Charley was beautiful. But more than that, he was sweet and gentle. Babies could and do go up to him and pet him because in his heart, he was still just a puppy.
In time Charley developed a limp, and we chalked it up to arthritis in his front elbow. We never took him for many walks after that (or should it be the other way around?), and generally he liked to lay on the floor at my feet while I worked. That’s the great thing about mastiffs–they’re great work-watchers. 🙂 I still have Babe, a year younger and many pounds heavier than Charley, and she’s snoring at my feet at this moment.
As time passed, Charley began to have “spells” where he would pant heavily and seem to be unable to get comfortable. I rushed him to the emergency animal clinic the first time this happened, but they really couldn’t pinpoint a cause. But the spell passed, and Charley seemed to get better, though he kept having those spells. Usually a dose of painkiller helped him through it.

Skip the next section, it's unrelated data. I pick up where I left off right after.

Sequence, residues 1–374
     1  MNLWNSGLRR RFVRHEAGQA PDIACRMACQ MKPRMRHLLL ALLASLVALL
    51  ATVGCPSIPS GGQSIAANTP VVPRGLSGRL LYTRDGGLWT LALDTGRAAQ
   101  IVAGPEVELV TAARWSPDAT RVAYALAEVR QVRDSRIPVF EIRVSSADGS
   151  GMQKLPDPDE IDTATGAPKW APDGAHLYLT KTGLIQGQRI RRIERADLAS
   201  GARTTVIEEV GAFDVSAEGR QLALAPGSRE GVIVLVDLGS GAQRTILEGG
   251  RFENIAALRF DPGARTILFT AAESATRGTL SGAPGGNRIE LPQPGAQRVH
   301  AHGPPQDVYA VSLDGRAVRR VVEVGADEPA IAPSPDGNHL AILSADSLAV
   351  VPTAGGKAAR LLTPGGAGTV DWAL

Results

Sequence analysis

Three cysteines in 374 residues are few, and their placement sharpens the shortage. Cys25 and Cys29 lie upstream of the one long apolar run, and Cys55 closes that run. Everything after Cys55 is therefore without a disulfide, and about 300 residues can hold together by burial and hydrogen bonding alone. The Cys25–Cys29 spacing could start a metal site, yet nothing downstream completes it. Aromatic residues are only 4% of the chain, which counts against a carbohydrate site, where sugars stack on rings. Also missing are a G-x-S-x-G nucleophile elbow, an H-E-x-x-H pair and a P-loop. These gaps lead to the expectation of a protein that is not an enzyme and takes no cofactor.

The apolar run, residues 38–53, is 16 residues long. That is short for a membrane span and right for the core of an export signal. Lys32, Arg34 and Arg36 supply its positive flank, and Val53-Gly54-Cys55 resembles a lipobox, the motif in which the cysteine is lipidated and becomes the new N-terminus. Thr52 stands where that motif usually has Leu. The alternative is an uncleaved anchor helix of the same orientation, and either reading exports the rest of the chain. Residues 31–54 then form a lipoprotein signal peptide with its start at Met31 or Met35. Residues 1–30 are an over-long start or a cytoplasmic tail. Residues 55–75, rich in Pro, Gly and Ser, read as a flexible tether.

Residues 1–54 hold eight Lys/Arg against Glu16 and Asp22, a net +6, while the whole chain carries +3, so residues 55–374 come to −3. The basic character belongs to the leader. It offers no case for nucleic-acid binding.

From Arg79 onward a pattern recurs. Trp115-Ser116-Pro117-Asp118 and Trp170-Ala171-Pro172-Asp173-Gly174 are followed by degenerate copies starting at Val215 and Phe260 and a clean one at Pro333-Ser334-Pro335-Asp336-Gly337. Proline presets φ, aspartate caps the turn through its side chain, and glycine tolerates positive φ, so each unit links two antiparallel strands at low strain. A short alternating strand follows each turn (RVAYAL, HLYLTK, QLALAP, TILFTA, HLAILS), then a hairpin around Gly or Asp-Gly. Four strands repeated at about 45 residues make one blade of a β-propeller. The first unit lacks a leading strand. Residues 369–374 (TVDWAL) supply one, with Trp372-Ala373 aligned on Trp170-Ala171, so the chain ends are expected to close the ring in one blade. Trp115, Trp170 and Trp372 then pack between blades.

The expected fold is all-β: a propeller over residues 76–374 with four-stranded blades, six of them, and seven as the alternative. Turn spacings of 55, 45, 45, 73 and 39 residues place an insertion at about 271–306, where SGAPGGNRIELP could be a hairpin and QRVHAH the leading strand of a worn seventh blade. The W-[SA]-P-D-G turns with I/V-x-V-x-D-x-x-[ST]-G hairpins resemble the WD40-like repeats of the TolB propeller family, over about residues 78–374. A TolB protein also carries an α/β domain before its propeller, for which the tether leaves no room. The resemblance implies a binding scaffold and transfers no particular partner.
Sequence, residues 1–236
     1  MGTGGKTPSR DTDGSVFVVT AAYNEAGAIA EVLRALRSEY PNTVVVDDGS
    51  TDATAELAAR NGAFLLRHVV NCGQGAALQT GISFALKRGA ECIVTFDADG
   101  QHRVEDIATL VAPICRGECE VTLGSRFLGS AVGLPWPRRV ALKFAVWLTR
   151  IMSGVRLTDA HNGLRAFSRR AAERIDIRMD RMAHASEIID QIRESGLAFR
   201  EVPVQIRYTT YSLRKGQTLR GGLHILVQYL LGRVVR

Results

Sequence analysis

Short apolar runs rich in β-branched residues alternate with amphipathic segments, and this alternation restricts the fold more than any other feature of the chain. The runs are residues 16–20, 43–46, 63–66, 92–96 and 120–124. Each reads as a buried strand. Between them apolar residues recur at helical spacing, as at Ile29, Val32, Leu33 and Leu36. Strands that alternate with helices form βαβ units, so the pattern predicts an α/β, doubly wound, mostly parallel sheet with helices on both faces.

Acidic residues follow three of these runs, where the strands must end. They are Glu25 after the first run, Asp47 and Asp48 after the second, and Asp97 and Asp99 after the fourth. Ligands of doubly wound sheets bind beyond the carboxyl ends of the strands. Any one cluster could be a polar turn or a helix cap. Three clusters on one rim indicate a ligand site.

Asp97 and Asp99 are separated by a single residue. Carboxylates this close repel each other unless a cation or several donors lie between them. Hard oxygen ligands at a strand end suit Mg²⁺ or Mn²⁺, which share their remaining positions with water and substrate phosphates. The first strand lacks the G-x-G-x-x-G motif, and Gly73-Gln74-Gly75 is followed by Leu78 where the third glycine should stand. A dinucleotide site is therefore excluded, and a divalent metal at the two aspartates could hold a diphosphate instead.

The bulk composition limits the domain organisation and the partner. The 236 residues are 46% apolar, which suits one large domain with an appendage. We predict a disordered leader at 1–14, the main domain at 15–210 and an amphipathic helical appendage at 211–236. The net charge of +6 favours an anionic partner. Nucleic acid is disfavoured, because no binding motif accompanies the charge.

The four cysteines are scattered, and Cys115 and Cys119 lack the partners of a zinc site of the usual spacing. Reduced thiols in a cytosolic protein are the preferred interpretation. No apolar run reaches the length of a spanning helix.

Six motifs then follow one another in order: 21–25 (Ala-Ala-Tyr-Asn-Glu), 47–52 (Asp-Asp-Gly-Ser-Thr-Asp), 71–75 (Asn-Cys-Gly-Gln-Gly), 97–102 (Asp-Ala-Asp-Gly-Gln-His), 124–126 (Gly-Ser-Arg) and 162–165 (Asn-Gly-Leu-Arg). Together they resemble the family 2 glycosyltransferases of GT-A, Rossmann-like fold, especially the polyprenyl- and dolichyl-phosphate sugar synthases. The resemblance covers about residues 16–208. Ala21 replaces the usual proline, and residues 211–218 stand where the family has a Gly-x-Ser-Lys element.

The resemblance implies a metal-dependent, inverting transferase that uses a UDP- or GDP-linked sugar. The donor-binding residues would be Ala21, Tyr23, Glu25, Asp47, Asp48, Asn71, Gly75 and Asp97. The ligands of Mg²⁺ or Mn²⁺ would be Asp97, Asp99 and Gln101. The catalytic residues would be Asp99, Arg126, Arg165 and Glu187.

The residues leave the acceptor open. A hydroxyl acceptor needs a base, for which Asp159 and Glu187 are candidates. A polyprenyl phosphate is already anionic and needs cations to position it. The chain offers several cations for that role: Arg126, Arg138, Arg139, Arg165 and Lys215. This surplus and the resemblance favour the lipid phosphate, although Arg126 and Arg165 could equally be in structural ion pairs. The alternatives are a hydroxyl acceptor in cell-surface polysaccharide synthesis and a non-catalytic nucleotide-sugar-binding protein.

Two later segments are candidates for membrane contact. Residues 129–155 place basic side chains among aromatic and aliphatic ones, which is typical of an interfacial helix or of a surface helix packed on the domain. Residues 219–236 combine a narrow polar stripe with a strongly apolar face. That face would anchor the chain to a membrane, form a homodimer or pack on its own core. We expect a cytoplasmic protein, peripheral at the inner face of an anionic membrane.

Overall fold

My husband, who is not as much of a rule-keeper as I, began letting Charley go potty outside on the front lawn–without a leash, and yes, our neighborhood has a leash rule. I was always MORTIFIED when Charley spied another dog and its owner coming down the walk, because while Charley liked people, he seemed to enjoy letting other people know that they were getting TOO CLOSE to his front lawn. Anyway, I shriveled up a little inside every time I saw neighbors spot Charley, then turn and go around the block by another way.
In time, Charley would ONLY go out the front door to potty, which put a definite crimp in my daily routine. I had trained all my dogs to go to the back door, which leads to a fenced area. They go and scratch, I let them out, I go back to work while they sniff around and do whatever they do out there, then they’d scratch to come in and I’d get up and let them in.